Cherry tomatoes are a source of vitamin C to strengthen the immune system and boost collagen production, vitamin A to maintain healthy organ functioning, and potassium to balance fluid levels within the body. The tomatoes also provide vitamin E as an antioxidant and lycopene, a natural compound known as a carotenoid that helps reduce inflammation and prevent blood clots. Lycopene gives tomatoes their vibrant coloring and is a powerful antioxidant to protect the cells against the damage caused by free radicals. Beyond antioxidants, Cherry tomatoes carry lower amounts of calcium to build strong bones and teeth, iron to develop the protein hemoglobin for oxygen transport through the bloodstream, fiber to regulate the digestive tract, and other nutrients, including magnesium, calcium, and phosphorus.
On The Vine Cherry tomatoes have a rich, sweet, and tangy taste suited for fresh and cooked preparations. The tomatoes should be showcased with their vine still attached and can be arranged on vegetable platters, charcuterie boards, or as an edible decoration placed on serving platters with olive oil and balsamic dipping sauces. The vines provide added aroma to plating and are aesthetically pleasing to the eye, symbolizing garden freshness. On The Vine Cherry tomatoes can also be roasted or grilled still attached to the vine, served with fresh cheeses such as burrata, placed on top of cooked meats, layered on seasoned toast, or used as a gourmet addition to traditional English breakfasts. Serving On The Vine Cherry tomatoes cooked whole allows for a dramatic presentation. It is important to note that On The Vine Cherry tomatoes can also be incorporated into any recipe, generally calling for Cherry tomatoes. The small tomatoes are known for their natural sweetness and can be eaten straight off the vine as a snack, tossed into salads, or sliced and stirred into salsas, grain bowls, and fresh side dishes. Cherry tomatoes can also be used in unconventional recipes, including freezing and blending with raspberries and other fruits to make a granita. In addition to fresh dishes, Cherry tomatoes can be skewered and grilled, cooked into pasta and other sauces, stirred into gratins, baked into tarts, or blistered and combined with roasted vegetables. They can also be stir-fried, cooked into jams, chutney, and compotes, or stirred into rice. On The Vine Cherry tomatoes pair well with herbs such as basil, mint, tarragon, oregano, and parsley, cheeses including goat, mozzarella, parmesan, and feta, mushrooms, bell peppers, green beans, broccoli, cabbage, and kale. Whole, unwashed On The Vine Cherry tomatoes should be kept at room temperature, away from direct sunlight, and will last for 3 to 7, sometimes 10 days, depending on the degree of ripeness, storage conditions, and variety.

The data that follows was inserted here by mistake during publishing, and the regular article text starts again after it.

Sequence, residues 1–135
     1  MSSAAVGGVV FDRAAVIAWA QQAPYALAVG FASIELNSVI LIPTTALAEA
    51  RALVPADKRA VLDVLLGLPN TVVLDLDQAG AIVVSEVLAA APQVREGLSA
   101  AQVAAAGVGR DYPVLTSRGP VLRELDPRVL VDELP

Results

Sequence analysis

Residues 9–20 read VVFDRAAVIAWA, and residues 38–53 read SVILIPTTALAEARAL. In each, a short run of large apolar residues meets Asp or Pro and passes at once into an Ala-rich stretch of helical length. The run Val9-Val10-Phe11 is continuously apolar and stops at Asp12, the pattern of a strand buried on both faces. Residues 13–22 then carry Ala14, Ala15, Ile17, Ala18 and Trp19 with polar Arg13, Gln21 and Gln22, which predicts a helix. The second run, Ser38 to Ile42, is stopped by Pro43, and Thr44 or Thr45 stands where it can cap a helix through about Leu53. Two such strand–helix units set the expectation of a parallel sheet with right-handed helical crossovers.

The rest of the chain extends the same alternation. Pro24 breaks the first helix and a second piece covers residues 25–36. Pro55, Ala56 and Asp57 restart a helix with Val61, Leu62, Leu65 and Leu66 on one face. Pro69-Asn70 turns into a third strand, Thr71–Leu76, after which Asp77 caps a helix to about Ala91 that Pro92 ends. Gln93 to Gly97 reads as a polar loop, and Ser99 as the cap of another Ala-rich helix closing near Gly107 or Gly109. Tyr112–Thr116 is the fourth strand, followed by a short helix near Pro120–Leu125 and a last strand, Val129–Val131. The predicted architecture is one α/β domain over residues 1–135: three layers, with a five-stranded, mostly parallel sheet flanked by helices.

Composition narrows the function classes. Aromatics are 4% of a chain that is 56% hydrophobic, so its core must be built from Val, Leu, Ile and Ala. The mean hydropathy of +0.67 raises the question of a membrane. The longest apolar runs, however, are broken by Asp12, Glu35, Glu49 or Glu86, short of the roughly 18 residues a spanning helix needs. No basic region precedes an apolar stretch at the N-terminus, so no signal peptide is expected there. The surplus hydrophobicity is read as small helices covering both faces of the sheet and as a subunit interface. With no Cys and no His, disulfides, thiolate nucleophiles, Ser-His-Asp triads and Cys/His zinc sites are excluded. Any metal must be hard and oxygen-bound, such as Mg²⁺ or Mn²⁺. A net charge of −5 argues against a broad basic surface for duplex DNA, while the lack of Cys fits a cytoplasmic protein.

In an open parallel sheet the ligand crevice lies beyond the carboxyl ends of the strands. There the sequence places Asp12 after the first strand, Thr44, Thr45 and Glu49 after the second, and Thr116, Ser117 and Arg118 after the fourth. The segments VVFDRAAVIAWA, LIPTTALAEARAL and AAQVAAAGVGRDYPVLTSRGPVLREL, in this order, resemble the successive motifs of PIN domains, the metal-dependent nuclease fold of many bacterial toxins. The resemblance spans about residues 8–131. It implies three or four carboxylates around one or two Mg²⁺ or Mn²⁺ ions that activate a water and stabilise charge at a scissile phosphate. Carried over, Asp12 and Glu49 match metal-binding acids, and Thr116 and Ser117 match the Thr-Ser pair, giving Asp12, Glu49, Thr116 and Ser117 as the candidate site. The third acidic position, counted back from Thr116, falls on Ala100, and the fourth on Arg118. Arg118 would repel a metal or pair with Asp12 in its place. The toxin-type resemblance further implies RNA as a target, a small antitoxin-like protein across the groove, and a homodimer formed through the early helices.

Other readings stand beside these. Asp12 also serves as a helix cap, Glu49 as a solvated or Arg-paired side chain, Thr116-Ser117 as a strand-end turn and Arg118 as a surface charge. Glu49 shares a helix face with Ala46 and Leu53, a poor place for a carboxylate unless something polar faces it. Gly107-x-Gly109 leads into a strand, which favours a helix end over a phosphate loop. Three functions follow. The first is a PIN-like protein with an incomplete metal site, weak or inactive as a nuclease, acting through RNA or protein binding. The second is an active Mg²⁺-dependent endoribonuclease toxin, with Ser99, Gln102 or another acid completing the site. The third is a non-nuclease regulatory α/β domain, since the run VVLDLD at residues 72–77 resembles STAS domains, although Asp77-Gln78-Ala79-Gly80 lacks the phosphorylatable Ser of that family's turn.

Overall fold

The Aztecs referred to tomatoes as tomatls, a word from the Nahuatl language roughly translating to "fat water" or "swelling fruit." Tomatls were viewed as gifts from the gods and were often regarded as a symbol of good fortune and fertility. The small tomatoes were traditionally used as gifts for newlyweds as a blessing for many children. The Aztecs also began domesticating wild tomatls, incorporating them into their daily diets. Tomatls were primarily mixed with chile peppers and salt into early versions of salsa, and they were also combined with ground squash seeds as a sauce served over meats, fish, and shellfish.